Leon m
07-08-2006, 07:48 AM
Damn Mike ,that hurts...I'd go with Lefty...Can't beat that offer.

Phillip Allen
07-08-2006, 08:39 AM
I was going to offer help Mike but Lefty has a much better offer
can you post pics of the break?

Memphis Mike
07-08-2006, 08:54 AM
Phillip, you must have missed the pics. Go back and look.

Lefty, why not epoxy? And if not epoxy, then what?

Wild Dingo
07-08-2006, 08:59 AM
Bad luck there Mike... but seems Dougs got a great offer for you take him up on it nothing like getting someone like Youngblood to have a gander... sure to have a geat job of a fix done!


Hows the job hunting going along mate?

Phillip Allen
07-08-2006, 09:00 AM
okay...saw the pics. Thanks, The stress seems to be shear in nature...so why not epoxy as it is not part of the resonating part of the insturment?

Memphis Mike
07-08-2006, 09:36 AM
OK, I just read up on it and apparently epoxy is too thick to provide a really tight glue joint and will probably harm the finish. It's suggested that Hyde glue or Aliphatic glue be used. I've never heard of Aliphatic glue.

Bruce Taylor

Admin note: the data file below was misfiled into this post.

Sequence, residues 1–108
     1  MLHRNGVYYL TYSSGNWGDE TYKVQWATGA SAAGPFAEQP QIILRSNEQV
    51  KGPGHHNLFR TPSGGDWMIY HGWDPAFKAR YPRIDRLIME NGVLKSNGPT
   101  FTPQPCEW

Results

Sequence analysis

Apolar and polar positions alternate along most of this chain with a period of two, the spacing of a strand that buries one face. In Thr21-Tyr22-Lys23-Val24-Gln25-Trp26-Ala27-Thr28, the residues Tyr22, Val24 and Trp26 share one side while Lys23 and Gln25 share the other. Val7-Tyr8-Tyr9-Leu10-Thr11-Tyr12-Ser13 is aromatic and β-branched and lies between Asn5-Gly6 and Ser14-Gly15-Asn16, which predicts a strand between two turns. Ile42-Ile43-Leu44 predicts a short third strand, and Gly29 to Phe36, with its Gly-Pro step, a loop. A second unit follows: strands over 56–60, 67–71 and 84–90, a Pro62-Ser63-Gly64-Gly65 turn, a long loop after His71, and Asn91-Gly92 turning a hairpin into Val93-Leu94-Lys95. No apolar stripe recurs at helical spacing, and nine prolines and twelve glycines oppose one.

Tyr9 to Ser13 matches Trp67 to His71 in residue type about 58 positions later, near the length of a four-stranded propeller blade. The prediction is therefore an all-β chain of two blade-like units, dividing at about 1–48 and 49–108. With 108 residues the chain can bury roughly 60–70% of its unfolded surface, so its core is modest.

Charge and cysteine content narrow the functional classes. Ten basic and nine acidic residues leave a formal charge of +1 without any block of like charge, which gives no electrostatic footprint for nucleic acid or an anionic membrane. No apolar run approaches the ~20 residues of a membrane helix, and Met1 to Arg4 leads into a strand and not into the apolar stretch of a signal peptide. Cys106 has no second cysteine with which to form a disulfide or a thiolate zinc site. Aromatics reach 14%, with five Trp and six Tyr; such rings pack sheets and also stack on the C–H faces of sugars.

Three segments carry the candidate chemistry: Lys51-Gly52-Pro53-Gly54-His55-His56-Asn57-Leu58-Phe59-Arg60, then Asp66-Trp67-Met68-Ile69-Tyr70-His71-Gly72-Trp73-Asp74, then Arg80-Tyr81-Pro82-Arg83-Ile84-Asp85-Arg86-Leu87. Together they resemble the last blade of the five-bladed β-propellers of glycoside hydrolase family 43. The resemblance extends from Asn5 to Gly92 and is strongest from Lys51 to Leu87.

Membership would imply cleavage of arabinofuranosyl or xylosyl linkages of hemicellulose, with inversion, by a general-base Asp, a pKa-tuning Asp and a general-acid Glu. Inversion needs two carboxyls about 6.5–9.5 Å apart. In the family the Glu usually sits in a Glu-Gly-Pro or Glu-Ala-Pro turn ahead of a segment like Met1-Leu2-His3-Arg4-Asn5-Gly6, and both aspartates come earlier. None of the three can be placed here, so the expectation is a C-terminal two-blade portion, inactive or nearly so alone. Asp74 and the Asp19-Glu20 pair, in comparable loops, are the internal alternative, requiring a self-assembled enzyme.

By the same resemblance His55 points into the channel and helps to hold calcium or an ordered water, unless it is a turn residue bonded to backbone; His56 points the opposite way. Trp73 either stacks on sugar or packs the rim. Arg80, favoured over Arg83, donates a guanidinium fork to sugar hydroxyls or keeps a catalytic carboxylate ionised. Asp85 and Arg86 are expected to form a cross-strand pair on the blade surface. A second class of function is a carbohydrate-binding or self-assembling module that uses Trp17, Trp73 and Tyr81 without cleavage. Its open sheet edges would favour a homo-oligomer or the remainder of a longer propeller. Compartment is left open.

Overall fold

07-08-2006, 09:54 AM
Missed this thread.

This topic has come up on the forum before. As others have noted, it's a problem w/ Gibsons. At the time, I posted some pics of a splined Gibson headstock repair. I'll dig 'em up and post them again.

And if you like I can scan the article from American Lutherie and send it along to you or Lefty.

I haven't checked the net, yet, but I'll bet there are lutherie websites that describe this repair.

"Aliphatic resin" is a trade name for yellow carpenter's glue (the term means very little and was actually invented to differentiate the stuff from its notorious white cousin).

High C
07-08-2006, 09:55 AM
OK, I just read up on it and apparently epoxy is too thick to provide a really tight glue joint and will probably harm the finish. It's suggested that Hyde glue or Aliphatic glue be used. I've never heard of Aliphatic glue.